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All IPCC definitions taken from Climate Change 2007: The Physical Science Basis. Working Group I Contribution to the Fourth Assessment Report of the Intergovernmental Panel on Climate Change, Annex I, Glossary, pp. 941-954. Cambridge University Press.

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Climate Hustle

2016 SkS Weekly Digest #24

Posted on 12 June 2016 by John Hartz

SkS Highlights... El Niño is Over... Toon of the Week... Quote of the Week... SkS Spotlights... Coming Soon on SkS... Poster of the Week... SkS Week in Review... 97 Hours of Consensus...

SkS Highlights

Using the metric of comments garnered, the two most popular of the articles posted on SkS during the past week were:

El Niño is Over

On Thursday, the National Oceanic and Atmospheric Administration (NOAA) announced that the past year’s El Niño was no more. The declaration comes a few weeks after Australia’s Bureau of Meteorology, the other big El Niño monitoring group, also declared it dead and gone.

That means ocean temperatures in the eastern tropical Pacific are now near normal. But they might not stay that way for long as odds are pointing to a cooling in the region that could herald the arrival of a La Niña event later this fall.

El Niño Had a Good Run, But Now It’s Over by Brian Kahn, Climate Central, June 9, 2016

Toon of the Week

2016 Toon 24 

Quote of the Week 

Is there not, however, a danger that academics may lose their independence if they get too closely involved either with corporate interests or with environmental activism?

Holm* says that independence must be maintained if academics are do their work properly: “I am a staunch believer in the university as a space to stand aside, to dig deeper: we actually do need ivory towers to do this. But I’m also committed to being a passenger on the same bus as every other citizen. If I learn that that bus is driving us towards an abyss, I need to do something about it.”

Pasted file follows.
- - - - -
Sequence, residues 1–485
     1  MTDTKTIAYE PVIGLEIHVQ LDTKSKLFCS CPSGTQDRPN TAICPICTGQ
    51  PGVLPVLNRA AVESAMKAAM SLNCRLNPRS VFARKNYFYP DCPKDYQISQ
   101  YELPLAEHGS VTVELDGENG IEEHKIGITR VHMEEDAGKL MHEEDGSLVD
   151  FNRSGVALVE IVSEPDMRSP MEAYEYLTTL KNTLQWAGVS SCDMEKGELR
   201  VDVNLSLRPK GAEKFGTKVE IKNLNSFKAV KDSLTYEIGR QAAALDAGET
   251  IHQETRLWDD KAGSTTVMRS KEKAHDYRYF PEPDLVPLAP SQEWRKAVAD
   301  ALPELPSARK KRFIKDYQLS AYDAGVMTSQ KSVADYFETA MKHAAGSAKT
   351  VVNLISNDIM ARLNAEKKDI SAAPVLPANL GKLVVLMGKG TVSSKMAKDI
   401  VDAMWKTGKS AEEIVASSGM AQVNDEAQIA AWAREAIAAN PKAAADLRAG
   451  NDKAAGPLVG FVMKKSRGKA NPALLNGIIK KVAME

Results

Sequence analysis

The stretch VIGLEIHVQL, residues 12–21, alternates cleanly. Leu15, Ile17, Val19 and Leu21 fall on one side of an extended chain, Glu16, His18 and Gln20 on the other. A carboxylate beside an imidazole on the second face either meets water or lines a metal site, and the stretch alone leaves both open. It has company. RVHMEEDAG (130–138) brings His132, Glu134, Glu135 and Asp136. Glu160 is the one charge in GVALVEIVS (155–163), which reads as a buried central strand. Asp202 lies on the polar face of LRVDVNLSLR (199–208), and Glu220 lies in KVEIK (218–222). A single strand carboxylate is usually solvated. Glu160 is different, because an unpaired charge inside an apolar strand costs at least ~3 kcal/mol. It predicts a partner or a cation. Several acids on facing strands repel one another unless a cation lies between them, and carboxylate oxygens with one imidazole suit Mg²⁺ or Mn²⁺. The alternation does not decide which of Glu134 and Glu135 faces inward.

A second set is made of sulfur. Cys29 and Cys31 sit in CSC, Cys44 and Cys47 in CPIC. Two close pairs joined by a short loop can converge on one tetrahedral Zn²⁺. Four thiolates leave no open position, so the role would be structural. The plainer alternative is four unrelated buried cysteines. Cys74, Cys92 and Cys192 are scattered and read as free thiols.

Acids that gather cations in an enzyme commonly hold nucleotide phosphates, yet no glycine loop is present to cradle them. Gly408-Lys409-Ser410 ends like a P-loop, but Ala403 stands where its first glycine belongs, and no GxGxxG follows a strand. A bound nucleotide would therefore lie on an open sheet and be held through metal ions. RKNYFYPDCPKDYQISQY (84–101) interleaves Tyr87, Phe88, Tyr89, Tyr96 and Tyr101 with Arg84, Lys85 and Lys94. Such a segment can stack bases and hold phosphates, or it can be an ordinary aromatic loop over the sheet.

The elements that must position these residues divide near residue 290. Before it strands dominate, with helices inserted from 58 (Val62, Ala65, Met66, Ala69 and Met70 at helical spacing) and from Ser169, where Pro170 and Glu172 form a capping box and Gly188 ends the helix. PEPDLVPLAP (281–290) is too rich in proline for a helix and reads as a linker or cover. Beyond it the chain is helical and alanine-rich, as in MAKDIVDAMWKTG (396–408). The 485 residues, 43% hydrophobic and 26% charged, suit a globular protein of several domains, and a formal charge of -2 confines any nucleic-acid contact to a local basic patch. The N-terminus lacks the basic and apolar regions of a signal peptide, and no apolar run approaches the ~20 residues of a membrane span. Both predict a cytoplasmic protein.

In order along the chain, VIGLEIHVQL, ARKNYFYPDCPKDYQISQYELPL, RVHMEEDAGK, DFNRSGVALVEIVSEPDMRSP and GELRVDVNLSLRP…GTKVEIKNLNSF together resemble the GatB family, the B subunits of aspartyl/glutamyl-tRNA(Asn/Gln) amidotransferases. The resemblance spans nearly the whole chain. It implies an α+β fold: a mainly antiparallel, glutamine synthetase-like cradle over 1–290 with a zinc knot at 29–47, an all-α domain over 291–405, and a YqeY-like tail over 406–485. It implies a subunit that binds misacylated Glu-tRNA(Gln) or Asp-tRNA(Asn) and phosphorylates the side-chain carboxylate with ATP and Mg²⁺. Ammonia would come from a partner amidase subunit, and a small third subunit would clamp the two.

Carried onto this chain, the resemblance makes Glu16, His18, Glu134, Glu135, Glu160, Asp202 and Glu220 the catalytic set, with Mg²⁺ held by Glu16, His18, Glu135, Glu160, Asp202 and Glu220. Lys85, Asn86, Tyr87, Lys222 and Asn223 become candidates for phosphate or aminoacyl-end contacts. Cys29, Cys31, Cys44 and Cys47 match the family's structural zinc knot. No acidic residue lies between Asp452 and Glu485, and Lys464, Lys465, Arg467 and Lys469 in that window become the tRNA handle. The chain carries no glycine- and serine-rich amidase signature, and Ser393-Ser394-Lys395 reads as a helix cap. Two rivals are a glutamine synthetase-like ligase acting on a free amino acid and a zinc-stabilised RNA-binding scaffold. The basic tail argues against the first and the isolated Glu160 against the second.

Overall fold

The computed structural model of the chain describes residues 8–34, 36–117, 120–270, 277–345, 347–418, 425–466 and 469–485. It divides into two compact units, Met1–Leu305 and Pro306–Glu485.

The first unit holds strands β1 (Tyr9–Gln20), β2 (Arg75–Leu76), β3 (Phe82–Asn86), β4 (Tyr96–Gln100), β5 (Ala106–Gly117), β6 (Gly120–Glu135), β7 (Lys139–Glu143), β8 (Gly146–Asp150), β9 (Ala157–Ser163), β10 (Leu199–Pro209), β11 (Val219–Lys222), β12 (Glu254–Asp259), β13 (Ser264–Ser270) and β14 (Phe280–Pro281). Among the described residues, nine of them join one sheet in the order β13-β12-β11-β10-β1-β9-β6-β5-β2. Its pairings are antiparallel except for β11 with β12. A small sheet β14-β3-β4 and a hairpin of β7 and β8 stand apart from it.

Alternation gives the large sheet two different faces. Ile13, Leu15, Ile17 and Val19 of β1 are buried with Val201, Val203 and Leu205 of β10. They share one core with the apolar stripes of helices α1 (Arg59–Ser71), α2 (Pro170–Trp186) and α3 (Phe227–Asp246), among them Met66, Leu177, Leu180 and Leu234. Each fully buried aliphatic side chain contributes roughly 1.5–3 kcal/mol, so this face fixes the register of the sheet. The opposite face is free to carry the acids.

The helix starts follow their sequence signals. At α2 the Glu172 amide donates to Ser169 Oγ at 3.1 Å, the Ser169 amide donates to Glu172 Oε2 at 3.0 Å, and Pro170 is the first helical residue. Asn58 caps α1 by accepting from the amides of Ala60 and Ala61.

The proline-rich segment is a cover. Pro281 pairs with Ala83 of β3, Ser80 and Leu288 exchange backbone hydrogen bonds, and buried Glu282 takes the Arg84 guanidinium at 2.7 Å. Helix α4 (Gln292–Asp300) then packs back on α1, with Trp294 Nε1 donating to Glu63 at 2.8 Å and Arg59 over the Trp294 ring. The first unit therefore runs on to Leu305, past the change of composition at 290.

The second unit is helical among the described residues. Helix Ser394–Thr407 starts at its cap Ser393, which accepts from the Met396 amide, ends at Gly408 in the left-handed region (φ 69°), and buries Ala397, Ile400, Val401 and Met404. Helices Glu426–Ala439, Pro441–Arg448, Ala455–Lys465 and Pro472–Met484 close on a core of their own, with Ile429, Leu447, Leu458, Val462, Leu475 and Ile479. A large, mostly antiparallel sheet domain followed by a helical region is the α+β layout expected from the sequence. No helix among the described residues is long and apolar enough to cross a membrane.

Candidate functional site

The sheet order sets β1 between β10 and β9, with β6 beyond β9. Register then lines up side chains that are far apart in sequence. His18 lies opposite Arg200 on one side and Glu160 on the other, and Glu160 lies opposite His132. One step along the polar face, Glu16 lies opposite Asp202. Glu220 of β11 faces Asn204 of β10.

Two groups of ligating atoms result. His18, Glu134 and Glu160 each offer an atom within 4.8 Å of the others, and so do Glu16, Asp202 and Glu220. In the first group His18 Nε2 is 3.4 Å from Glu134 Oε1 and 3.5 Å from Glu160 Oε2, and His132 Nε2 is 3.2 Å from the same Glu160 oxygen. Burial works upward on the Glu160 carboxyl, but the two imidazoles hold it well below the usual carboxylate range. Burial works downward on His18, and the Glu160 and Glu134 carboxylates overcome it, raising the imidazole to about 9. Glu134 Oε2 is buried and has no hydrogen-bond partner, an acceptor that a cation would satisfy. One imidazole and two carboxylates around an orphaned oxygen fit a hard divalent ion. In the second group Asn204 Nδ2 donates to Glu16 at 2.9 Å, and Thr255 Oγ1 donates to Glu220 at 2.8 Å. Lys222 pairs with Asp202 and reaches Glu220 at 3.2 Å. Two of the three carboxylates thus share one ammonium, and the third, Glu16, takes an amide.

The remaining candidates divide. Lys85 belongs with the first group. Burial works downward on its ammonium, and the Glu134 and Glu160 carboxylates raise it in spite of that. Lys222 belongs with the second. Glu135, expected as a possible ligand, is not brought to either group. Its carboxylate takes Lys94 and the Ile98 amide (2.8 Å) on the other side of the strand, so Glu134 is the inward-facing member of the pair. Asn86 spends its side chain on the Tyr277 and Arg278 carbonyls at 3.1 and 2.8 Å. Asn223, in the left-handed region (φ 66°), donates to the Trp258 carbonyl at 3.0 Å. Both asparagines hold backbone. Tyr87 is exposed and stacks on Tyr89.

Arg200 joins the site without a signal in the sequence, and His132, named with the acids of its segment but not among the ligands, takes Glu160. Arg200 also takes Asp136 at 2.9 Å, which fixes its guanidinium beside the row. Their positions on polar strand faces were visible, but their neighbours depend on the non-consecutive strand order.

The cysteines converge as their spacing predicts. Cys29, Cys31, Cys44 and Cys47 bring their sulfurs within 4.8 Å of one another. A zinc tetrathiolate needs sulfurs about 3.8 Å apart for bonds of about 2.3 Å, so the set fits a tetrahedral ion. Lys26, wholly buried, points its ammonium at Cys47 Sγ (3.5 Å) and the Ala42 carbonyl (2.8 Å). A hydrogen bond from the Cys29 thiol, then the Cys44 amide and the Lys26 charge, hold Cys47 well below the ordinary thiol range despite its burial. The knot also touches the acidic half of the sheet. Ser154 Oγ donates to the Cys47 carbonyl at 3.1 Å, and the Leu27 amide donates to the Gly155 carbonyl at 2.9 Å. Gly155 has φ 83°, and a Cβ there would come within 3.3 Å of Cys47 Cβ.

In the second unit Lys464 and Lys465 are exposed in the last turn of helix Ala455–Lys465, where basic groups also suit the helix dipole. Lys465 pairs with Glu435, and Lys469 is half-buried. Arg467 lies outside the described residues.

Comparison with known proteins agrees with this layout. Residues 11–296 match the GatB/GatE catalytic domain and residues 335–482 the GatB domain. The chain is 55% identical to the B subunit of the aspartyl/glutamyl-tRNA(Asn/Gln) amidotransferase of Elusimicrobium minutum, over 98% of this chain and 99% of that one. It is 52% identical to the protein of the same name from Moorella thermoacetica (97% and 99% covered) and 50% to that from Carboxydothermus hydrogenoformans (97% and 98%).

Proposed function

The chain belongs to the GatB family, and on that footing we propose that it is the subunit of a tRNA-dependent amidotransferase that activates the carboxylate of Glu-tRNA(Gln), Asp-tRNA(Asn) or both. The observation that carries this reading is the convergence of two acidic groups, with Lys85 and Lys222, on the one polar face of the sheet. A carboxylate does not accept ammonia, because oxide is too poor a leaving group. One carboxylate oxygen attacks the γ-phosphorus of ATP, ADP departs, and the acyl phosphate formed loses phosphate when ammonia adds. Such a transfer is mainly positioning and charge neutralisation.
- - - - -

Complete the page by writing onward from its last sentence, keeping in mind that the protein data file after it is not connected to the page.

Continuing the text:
*Poul Holm, Environmental Humanities Centre, Trinity College Dublin’s Long Room Hub

The art of changing the climate debate by Paddy Woodworth, Irish Times, June 11, 2016 

SkS in the News

John Coook's Ten Years On: How Al Gore’s An Inconvenient Truth made its mark was reprinted by IFL Science.

The Debunking Handbook is cited by Atul Gawande in his commencement address at the California Institute of Technology, on Friday, June 10th. The address constitutes the article, The Mistrust of Science published in the New Yorker magazine.

SkS Spotlights

The Third Pole is a multilingual platform dedicated to promoting information and discussion about the Himalayan watershed and the rivers that originate there.  The project was launched as an initiative of chinadialogue, in partnership with the Earth Journalism Network. It is a registered non-profit organisation based in New Delhi and London, with editors also based in Kathmandu, Beijing, Dhaka and Karachi.

We work with an international network of experts, scientists, media professionals and policy makers to share knowledge and perspectives across the region.

We aim to reflect the impacts at every level, from the poorest communities to the highest reaches of government, and to promote knowledge sharing and cooperation within the region and internationally. We welcome your comments and contributions.

Contact info@thethirdpole.net to write for us, contribute data or join our network. 

Coming Soon on SkS 

  • Republican leaders are scared of a carbon tax (Dana)
  • Study: Most fossil fuels unburnable without carbon capture (Simon Evans)
  • Development banks threaten to unleash an infrastructure tsunami on the environment (Bill Laurance)
  • Guest Post (John Abraham)
  • Timeline: How BECCS became climate change’s ‘saviour’ technology (Leo Hickman)
  • 2016 SkS Weekly News Roundup #25 (John Hartz)
  • 2016 SkS Weekly Digest #25 (John Hartz)

Poster of the Week

2016 Poster 24 

SkS Week in Review 

97 Hours of Consensus: Richard Pancost

 97 Hours: Richard Pancost

Richard Pancost's bio page

Quote provided by email.

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